E-Learn: World Conference on E-Learning in Corporate, Government, Healthcare, and Higher Education, in Vancouver, Canada ISBN 978-1-880094-76-1 Publisher: Association for the Advancement of Computing in Education (AACE), San Diego, CA
Abstract: The digital revolution has transformed our learners and educators into a world where writing and communicating has evolved into a much faster, speedier, and instant form of distributing information. Through on-line conversations, blogs, and social networks, educators and students are able to create rich and meaningful discussions that give and receive feedback. Younger graduate students born since 1977 are familiar with and adept at using these new forms of digital communication, but many older post-baccalaureates adult learners are not. While this adds a desirable flavor to the classroom, it may also contribute to discord as different generations hold differing values. Blogs, social networking, and online conversations are reshaping how we exchange experience, excitement, and frustration; all of which is valued knowledge. But what happens as conflict occurs when the students reject a form of social media they find objectionable? Surprisingly this dynamic contributed to student learning and collaboration in valuable ways.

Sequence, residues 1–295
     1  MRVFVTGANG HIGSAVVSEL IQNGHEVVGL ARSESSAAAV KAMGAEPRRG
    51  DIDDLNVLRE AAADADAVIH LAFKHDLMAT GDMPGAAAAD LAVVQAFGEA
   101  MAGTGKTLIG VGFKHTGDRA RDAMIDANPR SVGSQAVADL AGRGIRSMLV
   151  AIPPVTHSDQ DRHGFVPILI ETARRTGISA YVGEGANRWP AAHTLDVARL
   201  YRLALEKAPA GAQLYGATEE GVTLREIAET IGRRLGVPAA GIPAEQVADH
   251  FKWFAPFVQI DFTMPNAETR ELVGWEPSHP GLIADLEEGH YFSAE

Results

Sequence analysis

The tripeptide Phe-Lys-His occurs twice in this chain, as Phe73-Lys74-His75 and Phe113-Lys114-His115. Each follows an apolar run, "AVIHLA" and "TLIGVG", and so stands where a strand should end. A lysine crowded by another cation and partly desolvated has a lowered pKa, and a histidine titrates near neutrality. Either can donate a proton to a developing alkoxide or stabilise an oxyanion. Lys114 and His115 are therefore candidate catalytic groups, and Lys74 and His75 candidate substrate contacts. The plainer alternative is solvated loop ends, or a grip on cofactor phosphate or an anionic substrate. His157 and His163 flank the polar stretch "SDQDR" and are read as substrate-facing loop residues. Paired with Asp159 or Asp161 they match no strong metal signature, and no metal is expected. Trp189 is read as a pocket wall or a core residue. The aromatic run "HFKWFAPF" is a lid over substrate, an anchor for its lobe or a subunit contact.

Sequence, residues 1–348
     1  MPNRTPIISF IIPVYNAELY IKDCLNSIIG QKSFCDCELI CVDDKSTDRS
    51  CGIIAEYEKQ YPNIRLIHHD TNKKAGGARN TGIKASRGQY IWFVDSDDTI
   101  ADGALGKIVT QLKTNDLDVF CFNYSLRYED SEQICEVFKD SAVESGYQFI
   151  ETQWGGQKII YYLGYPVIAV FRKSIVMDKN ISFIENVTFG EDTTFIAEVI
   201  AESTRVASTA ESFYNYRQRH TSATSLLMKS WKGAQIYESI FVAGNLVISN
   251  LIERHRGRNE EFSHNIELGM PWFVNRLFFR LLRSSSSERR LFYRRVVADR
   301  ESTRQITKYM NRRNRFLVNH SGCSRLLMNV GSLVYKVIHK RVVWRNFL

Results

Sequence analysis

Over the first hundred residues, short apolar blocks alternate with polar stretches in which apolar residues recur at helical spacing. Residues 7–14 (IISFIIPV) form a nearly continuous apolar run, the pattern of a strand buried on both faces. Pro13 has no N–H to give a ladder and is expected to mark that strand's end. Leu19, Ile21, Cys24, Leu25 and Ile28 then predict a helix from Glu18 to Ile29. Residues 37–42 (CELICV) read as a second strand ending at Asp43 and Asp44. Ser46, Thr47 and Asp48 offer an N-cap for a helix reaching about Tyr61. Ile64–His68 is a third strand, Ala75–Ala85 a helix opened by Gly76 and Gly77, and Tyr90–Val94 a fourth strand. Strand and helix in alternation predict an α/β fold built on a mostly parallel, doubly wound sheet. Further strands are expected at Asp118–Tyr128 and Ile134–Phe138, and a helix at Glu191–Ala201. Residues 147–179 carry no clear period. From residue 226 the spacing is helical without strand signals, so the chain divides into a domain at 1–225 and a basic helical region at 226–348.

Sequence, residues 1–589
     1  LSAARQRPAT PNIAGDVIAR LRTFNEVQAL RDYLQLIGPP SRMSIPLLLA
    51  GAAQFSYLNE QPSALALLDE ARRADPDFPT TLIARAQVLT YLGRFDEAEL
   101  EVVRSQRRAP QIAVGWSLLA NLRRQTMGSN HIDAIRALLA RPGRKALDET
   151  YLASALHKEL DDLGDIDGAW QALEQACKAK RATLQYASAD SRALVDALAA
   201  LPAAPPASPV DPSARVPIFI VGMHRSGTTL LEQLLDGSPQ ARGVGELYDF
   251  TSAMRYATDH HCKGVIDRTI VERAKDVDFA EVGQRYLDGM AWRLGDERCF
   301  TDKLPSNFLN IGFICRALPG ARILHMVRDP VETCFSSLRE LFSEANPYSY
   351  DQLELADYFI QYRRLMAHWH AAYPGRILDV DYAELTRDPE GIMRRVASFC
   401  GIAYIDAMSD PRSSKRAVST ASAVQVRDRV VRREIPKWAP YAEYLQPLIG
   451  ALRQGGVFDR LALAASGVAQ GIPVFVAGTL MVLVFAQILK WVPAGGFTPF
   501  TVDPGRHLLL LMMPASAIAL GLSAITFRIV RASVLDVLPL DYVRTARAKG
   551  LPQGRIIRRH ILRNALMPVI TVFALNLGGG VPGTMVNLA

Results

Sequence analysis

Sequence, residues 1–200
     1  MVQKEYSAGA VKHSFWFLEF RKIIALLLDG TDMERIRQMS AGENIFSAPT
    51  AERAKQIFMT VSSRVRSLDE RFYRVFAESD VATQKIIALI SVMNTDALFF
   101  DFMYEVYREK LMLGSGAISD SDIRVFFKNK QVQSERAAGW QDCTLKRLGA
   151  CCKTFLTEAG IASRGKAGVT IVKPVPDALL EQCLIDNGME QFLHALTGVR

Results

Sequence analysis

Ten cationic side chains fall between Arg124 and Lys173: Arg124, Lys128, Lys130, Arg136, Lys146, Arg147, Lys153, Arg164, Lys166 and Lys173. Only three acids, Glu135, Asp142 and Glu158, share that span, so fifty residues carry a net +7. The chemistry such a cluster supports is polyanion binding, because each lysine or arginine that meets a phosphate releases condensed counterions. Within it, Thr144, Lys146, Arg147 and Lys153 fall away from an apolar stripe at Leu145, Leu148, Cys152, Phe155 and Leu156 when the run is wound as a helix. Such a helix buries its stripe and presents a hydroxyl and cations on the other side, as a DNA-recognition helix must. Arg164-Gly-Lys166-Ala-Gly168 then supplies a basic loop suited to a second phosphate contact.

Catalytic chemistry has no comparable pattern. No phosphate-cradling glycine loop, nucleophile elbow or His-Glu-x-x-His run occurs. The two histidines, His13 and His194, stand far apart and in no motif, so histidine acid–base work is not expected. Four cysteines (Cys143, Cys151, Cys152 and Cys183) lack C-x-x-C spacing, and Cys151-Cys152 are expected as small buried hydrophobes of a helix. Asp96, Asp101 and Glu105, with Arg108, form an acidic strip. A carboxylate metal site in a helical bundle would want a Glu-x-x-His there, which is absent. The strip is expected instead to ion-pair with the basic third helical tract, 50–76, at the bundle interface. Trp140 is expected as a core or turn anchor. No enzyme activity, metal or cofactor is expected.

Greenberg, V. & Carbajal, D. (2009). Using Convergent Media to Engage Graduate Students in a Digital and Electronic Writing class: Some Surprising Results. In T. Bastiaens, J. Dron & C. Xin (Eds.), Proceedings of E-Learn 2009--World Conference on E-Learning in Corporate, Government, Healthcare, and Higher Education (pp. 2640-2644). Vancouver, Canada: Association for the Advancement of Computing in Education (AACE).
© 2009 Association for the Advancement of Computing in Education (AACE)